At 34 years old, Gordon Ross is enjoying an Indian summer to his rugby career.
The former Heriot’s, Edinburgh, Leeds, Saracens and Castres stand-off, who gained 25 Scotland caps between 2001 and 2006, is piloting Aviva English Premiership newcomers London Welsh to a place of respectability in their first top-flight season after a controversial but deserved promotion earned through the law courts.
This weekend, Welsh, who overturned claims that their facilities at Oxford United FC were unsuitable by rivals apparently driven by self-interest, attempt to complete a hat-trick of wins by adding the scalp of Gloucester to those of Exeter Chiefs and Sale Sharks. Were they to succeed, with Ross continuing his points-grabbing ways, then murmurings that suggest a revived Test career might not be out of the question would grow louder.
Scotland coach Andy Robinson is not over-endowed with quality stand-offs playing at high level. For example, barring mishaps, Greig Laidlaw will start the Autumn Series just as he has the last seven matches – but who does Robinson go to for cover against the world champion All Blacks at Murrayfield on Sunday, November 11?
Duncan Weir has two caps from off the bench but is still just 21 and his Glasgow colleague, Ruaridh Jackson is out of favour to the extent of being released to club rugby.
Add in the fact that Dan Parks has retired, Phil Godman has moved to the English second tier with London Scottish and David Blair, the last player to pilot Scotland A from stand-off before Weir, has opted for a teaching career and any Robinson dilemma becomes clearer.
Of course, bringing back a player six years and five months after his previous cap would be seen as a gamble although hardly unheard of.
England, after all, capped prop Kevin Yates in 2007 some nine years and 353 days after his previous outing.
With trademark good humour Ross is playing down any aspirations. Asked about chances of a representative call-up he takes the question to mean a visit to the annual Old Crocks classic in Bermuda each November.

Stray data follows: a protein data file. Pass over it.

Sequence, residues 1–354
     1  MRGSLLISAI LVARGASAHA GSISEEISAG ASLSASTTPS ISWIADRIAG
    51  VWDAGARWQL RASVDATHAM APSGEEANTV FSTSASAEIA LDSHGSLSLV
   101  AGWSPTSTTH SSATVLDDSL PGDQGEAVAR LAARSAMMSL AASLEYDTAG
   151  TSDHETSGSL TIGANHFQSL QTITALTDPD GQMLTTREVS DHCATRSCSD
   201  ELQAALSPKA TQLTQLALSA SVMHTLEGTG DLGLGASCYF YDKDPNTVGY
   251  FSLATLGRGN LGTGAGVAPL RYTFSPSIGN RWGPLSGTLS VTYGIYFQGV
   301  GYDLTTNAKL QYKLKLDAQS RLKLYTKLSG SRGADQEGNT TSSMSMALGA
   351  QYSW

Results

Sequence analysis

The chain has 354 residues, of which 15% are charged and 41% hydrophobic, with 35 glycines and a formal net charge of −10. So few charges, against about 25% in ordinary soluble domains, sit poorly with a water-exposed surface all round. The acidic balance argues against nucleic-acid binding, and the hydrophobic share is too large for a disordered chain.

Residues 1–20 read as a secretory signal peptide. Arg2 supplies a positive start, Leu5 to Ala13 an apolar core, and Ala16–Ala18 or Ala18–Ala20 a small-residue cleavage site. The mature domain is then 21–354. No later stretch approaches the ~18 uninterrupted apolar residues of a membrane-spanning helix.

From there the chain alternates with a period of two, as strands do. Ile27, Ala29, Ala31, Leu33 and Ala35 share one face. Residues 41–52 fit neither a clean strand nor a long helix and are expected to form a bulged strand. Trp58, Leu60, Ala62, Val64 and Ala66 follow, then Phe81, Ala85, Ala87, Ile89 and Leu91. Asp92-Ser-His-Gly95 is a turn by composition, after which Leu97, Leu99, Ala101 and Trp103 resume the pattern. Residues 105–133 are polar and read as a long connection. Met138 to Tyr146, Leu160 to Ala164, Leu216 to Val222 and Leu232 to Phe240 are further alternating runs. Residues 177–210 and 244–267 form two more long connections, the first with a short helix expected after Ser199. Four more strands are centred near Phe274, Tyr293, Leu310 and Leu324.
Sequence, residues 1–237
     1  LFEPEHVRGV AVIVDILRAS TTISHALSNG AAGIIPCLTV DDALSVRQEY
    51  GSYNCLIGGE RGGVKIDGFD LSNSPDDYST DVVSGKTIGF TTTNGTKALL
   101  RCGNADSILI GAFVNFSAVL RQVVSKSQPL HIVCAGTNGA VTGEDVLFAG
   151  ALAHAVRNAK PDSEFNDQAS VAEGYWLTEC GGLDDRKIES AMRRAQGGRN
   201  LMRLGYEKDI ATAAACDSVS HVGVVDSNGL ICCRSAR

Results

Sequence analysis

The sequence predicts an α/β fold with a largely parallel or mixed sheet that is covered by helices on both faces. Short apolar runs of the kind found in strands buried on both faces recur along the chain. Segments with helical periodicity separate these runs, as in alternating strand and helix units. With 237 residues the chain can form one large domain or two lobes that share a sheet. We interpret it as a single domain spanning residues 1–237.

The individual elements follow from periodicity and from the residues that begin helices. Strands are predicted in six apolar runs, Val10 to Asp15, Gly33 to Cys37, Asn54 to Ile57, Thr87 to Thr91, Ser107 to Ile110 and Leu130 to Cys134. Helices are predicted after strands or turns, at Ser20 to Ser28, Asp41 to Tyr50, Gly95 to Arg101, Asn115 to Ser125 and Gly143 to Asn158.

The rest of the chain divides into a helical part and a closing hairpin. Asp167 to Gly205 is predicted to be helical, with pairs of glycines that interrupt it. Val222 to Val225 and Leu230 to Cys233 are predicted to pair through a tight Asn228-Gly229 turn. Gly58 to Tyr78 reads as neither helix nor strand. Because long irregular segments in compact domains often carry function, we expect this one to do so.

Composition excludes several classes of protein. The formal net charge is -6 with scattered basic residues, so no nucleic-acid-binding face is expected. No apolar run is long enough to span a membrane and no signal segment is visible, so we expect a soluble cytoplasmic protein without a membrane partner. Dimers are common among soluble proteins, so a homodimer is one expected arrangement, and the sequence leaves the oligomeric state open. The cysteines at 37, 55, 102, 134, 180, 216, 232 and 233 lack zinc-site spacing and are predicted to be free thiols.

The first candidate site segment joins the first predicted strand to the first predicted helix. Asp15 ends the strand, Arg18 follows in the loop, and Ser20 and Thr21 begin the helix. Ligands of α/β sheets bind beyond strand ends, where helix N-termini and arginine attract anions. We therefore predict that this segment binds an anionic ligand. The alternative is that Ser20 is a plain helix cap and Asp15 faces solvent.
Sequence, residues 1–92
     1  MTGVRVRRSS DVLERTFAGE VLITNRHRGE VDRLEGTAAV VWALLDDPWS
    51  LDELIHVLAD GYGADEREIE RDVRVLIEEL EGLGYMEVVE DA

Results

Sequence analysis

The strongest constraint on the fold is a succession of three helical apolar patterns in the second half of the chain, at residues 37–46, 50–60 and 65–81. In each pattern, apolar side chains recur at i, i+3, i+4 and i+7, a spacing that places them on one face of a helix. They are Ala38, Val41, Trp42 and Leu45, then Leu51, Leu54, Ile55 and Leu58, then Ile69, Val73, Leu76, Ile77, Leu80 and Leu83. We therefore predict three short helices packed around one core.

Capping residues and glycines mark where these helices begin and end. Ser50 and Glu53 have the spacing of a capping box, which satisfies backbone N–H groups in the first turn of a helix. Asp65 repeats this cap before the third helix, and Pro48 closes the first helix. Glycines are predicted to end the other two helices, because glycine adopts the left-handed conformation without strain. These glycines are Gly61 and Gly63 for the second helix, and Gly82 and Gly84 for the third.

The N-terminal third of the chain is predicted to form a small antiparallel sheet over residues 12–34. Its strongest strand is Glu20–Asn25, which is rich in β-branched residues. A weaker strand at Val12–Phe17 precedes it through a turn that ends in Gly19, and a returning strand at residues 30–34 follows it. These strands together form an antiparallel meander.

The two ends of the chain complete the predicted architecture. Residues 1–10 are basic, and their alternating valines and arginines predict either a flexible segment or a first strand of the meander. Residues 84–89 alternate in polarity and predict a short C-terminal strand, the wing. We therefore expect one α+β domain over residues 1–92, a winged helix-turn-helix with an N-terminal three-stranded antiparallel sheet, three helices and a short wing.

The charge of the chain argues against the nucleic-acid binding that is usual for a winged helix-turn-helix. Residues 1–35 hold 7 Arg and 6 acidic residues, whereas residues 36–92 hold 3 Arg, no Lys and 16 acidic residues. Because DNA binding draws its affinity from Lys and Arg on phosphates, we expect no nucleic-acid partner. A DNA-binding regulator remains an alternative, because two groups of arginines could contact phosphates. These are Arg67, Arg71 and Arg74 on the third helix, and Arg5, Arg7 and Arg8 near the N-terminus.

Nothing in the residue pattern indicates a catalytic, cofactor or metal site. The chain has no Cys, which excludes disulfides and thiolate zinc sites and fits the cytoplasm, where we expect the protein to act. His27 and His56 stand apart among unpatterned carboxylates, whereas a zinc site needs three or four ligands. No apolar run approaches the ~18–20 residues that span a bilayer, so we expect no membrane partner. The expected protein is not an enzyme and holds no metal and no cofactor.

“One of my friends has just texted me about going to the Classics and I’ve still to pick my moment to run the idea past the London Welsh coach, Lynn Jones,” says Ross.
But, seriously, would he rule returning to his country’s cause if the call came?
“At 34 I am still improving and picking up bits and pieces that can help me in the game,” says Ross while putting emphasis on club matters – but in a way that hardly slams the door.
“I’m absolutely loving my time with London Welsh. I know how tough it is physically and mentally in the Premiership, but you gradually adjust and it comes back to you a little.
“The kids seem to get younger and I get older, but I push myself in pre-season so I am not a complete embarrassment in fitness testing. I try to look after myself and, the older you get, the fitness conditioners look after you a bit as well.”
London Welsh fans are singing his praises, particularly after Ross went head-to-head at the weekend with a one-time England golden boy as Sale were sunk. Wrote one blogger: “Ross v Cipriani? No contest. Goggsy tops.” Another added: “19 points from the boot of King Gordon see the Sharks swamped in their own backyard. Not good for Sale, great for Goggsy – long may he reign!” And from nearer home a local Twitter feed this week stated: “Just watching Gordon Ross on Premier rugby highlights. In the mix for a Scotland team call-up?”
As a golfer, Ross represented Scottish Schools against an England line-up that included Justin Rose. Appropriately, then, he uses a golf analogy to explain London Welsh’s current form. “Gary Player said the harder you practise the luckier you get and there is a lot of hard work being put in,” he said.
“We know we are far from the finished article, but those last two wins have helped improve morale and of the four games we have played I’m pleased to have had two full 80-minute shifts while being replaced after 71 minutes twice.”
London Welsh are already in the record books as producing more British and Irish Lions than any other club.
Might another notch be added to their illustrious history by Ross, who – proud of his roots – returned to Edinburgh this summer to watch brother David star for Heriot’s as they defeated Carlton to reach the final of a Scottish cricket cup they eventually won.
Whatever happens ahead of those Autumn Tests, we haven’t heard the last of a player whose 25 points against Tonga in 2001 remain a record for a Scottish debutant and who says of his rugby future: “I’m doing a bit of coaching at the club and also at schools here and there. I’ve got a couple of coaching badges with plans to upgrade. I definitely want to stay in the game.”